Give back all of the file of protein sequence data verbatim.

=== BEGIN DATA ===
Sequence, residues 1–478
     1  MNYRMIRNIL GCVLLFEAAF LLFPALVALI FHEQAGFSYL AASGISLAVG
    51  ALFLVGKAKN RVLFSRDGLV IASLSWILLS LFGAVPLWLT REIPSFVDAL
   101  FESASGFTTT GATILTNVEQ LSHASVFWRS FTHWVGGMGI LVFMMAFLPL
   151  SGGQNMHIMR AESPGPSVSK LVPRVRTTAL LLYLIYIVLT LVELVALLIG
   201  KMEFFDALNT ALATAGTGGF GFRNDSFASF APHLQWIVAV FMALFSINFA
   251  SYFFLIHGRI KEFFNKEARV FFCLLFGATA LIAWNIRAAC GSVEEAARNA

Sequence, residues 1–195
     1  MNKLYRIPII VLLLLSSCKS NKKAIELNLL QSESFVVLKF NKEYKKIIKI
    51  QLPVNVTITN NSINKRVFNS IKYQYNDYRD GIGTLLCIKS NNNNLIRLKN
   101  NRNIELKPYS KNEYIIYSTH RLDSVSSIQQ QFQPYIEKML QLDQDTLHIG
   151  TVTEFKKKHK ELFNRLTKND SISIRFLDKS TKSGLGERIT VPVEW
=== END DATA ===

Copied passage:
Sequence, residues 1–478
     1  MNYRMIRNIL GCVLLFEAAF LLFPALVALI FHEQAGFSYL AASGISLAVG
    51  ALFLVGKAKN RVLFSRDGLV IASLSWILLS LFGAVPLWLT REIPSFVDAL
   101  FESASGFTTT GATILTNVEQ LSHASVFWRS FTHWVGGMGI LVFMMAFLPL
   151  SGGQNMHIMR AESPGPSVSK LVPRVRTTAL LLYLIYIVLT LVELVALLIG
   201  KMEFFDALNT ALATAGTGGF GFRNDSFASF APHLQWIVAV FMALFSINFA
   251  SYFFLIHGRI KEFFNKEARV FFCLLFGATA LIAWNIRAAC GSVEEAARNA

Sequence, residues 1–195
     1  MNKLYRIPII VLLLLSSCKS NKKAIELNLL QSESFVVLKF NKEYKKIIKI
    51  QLPVNVTITN NSINKRVFNS IKYQYNDYRD GIGTLLCIKS NNNNLIRLKN
   101  NRNIELKPYS KNEYIIYSTH RLDSVSSIQQ QFQPYIEKML QLDQDTLHIG
   151  TVTEFKKKHK ELFNRLTKND SISIRFLDKS TKSGLGERIT VPVEW